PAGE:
The classical concept of ErlangB
was that a blocked call is a
blocked call, regardless. ErlangB does not concern itself with which calls get blocked, but with the fact that not all offered calls can be completed when the capacity of the trunk is exceeded. The ErlangB then determines approximately the percentage of calls that could not be completed based on the number of circuits that remain busy within the trunk group over a period of time. A P03 would mean that a percentage (3%), or a theoretical 3 out of a hundred calls would be blocked and not able to complete on a single attempt.
Since ErlangB takes into consideration the duration of calls, the longer the calls stay up on the average, the more capacity required in the trunk group, and hence the more calls would likely be blocked – exactly what you would expect in a real world situation.
Note that ErlangB does not include the ability to consider alternate routing impacts – if the telecom switch supports assigning additional routes to backup the primary trunk group, then the switch is capable of carrying the excess calls via alternate paths, but the calculations would only reflect the likelihood that those excess calls were blocked. That is because initially, alternate routing was not a feature found in the telecom switches of the day.
Consequently, ErlangB in its original form has less to do with current network behavour than it did in the pass, but it seems to be firmly entrenched in the present, regardless.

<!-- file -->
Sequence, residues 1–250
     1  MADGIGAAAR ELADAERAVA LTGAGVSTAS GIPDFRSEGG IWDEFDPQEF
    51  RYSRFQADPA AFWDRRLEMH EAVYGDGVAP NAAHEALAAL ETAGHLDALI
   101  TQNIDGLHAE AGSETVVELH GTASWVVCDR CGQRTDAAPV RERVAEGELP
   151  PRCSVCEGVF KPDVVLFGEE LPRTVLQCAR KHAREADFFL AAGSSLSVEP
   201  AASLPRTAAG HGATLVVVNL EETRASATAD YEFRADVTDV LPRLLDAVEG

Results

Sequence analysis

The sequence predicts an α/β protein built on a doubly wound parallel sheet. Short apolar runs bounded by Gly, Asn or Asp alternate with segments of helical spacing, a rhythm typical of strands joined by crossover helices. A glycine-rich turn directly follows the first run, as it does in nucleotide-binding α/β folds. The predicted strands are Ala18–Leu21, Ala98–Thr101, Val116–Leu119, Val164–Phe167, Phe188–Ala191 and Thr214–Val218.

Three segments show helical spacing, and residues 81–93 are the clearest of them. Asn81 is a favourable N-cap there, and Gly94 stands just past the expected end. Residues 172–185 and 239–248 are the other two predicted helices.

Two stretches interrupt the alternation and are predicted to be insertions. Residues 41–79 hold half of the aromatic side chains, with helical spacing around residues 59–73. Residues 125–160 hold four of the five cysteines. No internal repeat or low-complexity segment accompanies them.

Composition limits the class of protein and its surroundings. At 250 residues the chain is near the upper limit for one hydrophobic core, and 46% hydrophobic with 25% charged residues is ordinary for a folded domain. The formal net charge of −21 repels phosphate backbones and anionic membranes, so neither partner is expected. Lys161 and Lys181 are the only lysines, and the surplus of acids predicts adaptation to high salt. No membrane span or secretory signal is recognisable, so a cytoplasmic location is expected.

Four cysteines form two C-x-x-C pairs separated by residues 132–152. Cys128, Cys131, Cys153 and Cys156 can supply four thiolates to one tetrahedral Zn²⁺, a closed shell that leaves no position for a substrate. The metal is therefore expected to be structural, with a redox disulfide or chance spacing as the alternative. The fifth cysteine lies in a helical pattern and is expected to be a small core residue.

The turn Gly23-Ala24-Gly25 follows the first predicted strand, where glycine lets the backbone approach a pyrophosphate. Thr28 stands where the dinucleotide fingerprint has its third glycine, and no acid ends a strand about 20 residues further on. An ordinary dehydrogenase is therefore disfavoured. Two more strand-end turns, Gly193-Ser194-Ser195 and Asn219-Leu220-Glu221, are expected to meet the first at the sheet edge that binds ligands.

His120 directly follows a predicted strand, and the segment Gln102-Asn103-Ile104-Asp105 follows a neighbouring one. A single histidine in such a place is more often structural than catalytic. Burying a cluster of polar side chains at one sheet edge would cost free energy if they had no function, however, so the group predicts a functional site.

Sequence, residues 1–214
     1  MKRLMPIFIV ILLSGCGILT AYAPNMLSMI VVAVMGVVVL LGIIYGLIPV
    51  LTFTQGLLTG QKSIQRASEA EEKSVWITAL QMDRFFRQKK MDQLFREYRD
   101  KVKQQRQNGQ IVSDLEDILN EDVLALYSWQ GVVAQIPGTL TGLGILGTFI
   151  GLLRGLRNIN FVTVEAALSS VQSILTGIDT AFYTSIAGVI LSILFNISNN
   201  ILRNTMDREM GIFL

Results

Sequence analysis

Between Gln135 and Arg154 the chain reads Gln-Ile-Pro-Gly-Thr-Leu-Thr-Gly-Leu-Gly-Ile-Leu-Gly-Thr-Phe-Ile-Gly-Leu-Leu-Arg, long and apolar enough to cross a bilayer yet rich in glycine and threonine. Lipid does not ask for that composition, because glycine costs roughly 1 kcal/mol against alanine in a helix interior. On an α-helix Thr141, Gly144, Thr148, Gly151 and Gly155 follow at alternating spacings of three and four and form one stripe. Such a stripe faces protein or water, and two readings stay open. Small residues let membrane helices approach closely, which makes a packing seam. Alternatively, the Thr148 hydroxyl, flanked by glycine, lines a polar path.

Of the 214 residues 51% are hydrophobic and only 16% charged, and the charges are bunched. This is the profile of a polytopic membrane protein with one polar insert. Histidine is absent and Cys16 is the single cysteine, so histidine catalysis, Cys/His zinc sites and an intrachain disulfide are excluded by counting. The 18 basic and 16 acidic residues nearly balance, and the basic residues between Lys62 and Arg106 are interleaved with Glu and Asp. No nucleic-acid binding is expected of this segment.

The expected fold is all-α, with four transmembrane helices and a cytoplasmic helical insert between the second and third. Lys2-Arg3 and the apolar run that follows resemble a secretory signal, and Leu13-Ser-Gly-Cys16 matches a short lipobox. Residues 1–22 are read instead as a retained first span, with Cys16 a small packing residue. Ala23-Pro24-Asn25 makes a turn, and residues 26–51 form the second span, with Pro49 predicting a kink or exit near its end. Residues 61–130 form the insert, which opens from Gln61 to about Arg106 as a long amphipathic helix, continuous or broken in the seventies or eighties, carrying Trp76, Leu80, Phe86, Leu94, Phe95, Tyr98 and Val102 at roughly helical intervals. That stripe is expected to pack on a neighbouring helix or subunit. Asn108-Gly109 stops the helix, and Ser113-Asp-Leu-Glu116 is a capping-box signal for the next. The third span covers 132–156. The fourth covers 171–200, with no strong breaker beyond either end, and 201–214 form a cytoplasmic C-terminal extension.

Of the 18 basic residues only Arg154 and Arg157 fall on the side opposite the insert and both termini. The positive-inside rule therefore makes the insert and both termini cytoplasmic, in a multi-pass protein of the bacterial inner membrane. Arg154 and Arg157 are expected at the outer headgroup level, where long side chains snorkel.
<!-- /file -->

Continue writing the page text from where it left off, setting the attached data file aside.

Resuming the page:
Another problem with ErlangB and the network structure it most closely reflects is that designing a static network based on Busy Hour Busy Day (2 pm on Mother’s Day) hardly holds true for an environment where data communications is increasingly replacing voice communications as the medium of information exchange. The mass of data communications usually originates in the late evening or night, and with information flowing around the world, it can be terminating during any segment of the day at the terminating end. Further, while some information feeds are continuous or at least cyclic, a huge segment of bulk transfers is sporatic and unpredictable. So picking a busy hour/busy day for a customer might require collecting and screening actual usage data for an extended period of time.
Not all data flows are syncronous, as the bulk of the data may flow in just one direction most of the time, but there may be spurts where some data flows in volume in the opposite direction. I used a peak-to-peak (p-p) variation on determining Busy Hour/Busy Day where I considered the maximum flow in either direction over a period of time, then summed the largest incoming with the largest outgoing to arrive at a worse case senario.
Another consideration is that customers are always modifying their processes, adding or changing their applications, and hense the data flows not only follow short and long cycles, but show behavour change over an extended period of time. Customers may start with high usage, then change operations and have the data flow taper off to virtually nothing. Or they may be slow to bring new applications into service, until suddenly they are over capacity and angry because of high blockage.
But most damaging to the service provider is that customer usage tends to be erratic and unpredictable. If you size to the maximum, you may avoid customer complaint, but you are likely to find that you cannot price actual usage to compensate for fixed access charges. It may make more sence to sell the service at a fixed price based on the capacity provided, but at a discount (which would still be higher than actual usage warrants).
By the way, I am a Systems Engineer, who also acted as a Systems Analyst, formerly with a major carrier. You have the distillation of about four years of experience in this area covered here.